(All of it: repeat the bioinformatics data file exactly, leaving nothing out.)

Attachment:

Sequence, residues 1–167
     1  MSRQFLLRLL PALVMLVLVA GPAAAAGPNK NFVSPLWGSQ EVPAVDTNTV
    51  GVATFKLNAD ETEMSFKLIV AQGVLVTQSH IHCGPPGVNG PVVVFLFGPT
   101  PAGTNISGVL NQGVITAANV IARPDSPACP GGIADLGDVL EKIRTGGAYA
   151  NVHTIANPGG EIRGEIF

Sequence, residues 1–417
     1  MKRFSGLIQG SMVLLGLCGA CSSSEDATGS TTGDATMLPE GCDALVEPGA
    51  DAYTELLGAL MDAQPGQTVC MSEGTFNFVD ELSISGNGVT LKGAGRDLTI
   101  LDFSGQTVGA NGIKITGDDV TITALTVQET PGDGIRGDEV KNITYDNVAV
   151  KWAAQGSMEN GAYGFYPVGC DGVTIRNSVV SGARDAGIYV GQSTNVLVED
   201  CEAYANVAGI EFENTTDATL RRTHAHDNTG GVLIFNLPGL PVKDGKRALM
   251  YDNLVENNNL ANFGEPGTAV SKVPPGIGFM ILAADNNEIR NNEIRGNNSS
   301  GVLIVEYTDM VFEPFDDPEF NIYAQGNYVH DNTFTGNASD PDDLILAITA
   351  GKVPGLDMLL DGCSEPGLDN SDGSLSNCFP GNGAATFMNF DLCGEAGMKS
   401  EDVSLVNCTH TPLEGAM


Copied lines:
Sequence, residues 1–167
     1  MSRQFLLRLL PALVMLVLVA GPAAAAGPNK NFVSPLWGSQ EVPAVDTNTV
    51  GVATFKLNAD ETEMSFKLIV AQGVLVTQSH IHCGPPGVNG PVVVFLFGPT
   101  PAGTNISGVL NQGVITAANV IARPDSPACP GGIADLGDVL EKIRTGGAYA
   151  NVHTIANPGG EIRGEIF

Sequence, residues 1–417
     1  MKRFSGLIQG SMVLLGLCGA CSSSEDATGS TTGDATMLPE GCDALVEPGA
    51  DAYTELLGAL MDAQPGQTVC MSEGTFNFVD ELSISGNGVT LKGAGRDLTI
   101  LDFSGQTVGA NGIKITGDDV TITALTVQET PGDGIRGDEV KNITYDNVAV
   151  KWAAQGSMEN GAYGFYPVGC DGVTIRNSVV SGARDAGIYV GQSTNVLVED
   201  CEAYANVAGI EFENTTDATL RRTHAHDNTG GVLIFNLPGL PVKDGKRALM
   251  YDNLVENNNL ANFGEPGTAV SKVPPGIGFM ILAADNNEIR NNEIRGNNSS
   301  GVLIVEYTDM VFEPFDDPEF NIYAQGNYVH DNTFTGNASD PDDLILAITA
   351  GKVPGLDMLL DGCSEPGLDN SDGSLSNCFP GNGAATFMNF DLCGEAGMKS
   401  EDVSLVNCTH TPLEGAM